And then, in the congregation of God’s children, we get about that action.
Today we remember Aelred, a sort of mid-level monastic type of saint. The Monastery at Rievaulx, near the Rye River in Yorkshire, caught his eye with its beauty and next thing you know, he was a monk…
Well maybe it was not that simple. He was from a religious family, his father was a priest (back in the day when the Church allowed Priests to marry – way before the Reformation mind you), but he seems to have started on a more political than religious path. He served in the Court of the King of Scotland and learned diplomacy and such. It was on a journey for the monarch that he passed by Rievaulx. The building at that time was stunning, even to someone used to life at court, and that really did prompt him to enter.
It is never easy to predict how someone discovers a monastic vocation – but more on that on some later blog…
It would seem on the face of it that being draw by the exteriors of the building and its location is, to be kind, perhaps a bit shallow. But whatever opens the door…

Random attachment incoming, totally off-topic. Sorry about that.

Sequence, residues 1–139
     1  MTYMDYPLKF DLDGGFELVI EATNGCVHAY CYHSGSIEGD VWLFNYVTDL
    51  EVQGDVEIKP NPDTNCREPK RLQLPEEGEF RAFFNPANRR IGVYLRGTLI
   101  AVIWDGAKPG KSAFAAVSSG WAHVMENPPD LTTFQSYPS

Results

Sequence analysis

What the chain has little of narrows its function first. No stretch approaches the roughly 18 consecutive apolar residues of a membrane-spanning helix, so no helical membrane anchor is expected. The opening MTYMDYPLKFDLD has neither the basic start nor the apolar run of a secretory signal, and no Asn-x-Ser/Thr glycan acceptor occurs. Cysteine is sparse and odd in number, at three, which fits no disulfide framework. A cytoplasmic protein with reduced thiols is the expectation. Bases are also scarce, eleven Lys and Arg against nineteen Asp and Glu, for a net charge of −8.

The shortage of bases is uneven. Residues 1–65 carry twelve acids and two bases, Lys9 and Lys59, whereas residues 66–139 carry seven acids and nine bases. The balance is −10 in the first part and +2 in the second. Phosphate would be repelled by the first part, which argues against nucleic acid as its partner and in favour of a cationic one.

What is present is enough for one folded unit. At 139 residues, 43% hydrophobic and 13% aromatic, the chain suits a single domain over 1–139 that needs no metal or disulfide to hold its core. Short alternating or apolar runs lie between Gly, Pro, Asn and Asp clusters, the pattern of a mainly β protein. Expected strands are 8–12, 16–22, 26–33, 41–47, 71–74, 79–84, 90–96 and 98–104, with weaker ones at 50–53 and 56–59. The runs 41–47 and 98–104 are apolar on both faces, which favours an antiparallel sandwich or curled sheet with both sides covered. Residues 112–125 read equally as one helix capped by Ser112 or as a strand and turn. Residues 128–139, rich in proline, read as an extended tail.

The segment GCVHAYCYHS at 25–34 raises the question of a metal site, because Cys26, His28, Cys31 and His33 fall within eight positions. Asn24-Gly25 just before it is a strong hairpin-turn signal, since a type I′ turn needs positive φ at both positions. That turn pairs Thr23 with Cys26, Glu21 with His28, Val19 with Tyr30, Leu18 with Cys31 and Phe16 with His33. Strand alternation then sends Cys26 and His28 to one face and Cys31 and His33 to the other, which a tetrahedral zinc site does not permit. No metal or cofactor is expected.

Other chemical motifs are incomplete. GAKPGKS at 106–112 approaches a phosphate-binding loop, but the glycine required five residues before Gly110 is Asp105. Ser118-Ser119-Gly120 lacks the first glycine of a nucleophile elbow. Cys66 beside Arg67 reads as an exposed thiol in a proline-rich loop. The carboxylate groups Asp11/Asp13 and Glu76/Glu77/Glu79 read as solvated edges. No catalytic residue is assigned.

Aelred is an important voice to many today. He wrote substantially on friendship, especially friendship within the monastery and between the brothers. The model was nothing less than the Trinity – the unending circle of love between God, Jesus, and Spirit. That love – deep, unending, unbreakable – is the model on which we should strive to love.
What we don’t know about Aelred could fill a book. This leads to speculation on who he may have been and what, in particular, may have been his sexual orientation. On the one hand I want to be careful not to retroject 21st Century concerns on a 12th century monk. On the other hand I’ve seen lots of articles that suggest that he was always a faithful Roman Catholic and would never stand in contradiction of Church teaching, so he certainly had no tolerance for anything gay. But that is also retrojection. Aelred’s personal life remains a mystery.
That said, he certainly was a good and faithful Cistercian Monk and chastity was surely part of that. At the same time he encouraged the brothers to be somewhat physically intimate – encouraging them to hold hands for example. Two men holding hands in a 21st Century North American context is unusual. But here in Africa its not so strange – and not sexual. It may be that in the secular world of 12th Century Yorkshire there was more physical affection between men than we think normal today. And Aelred may simply have sought to soften the divide between inside the monastery and outside.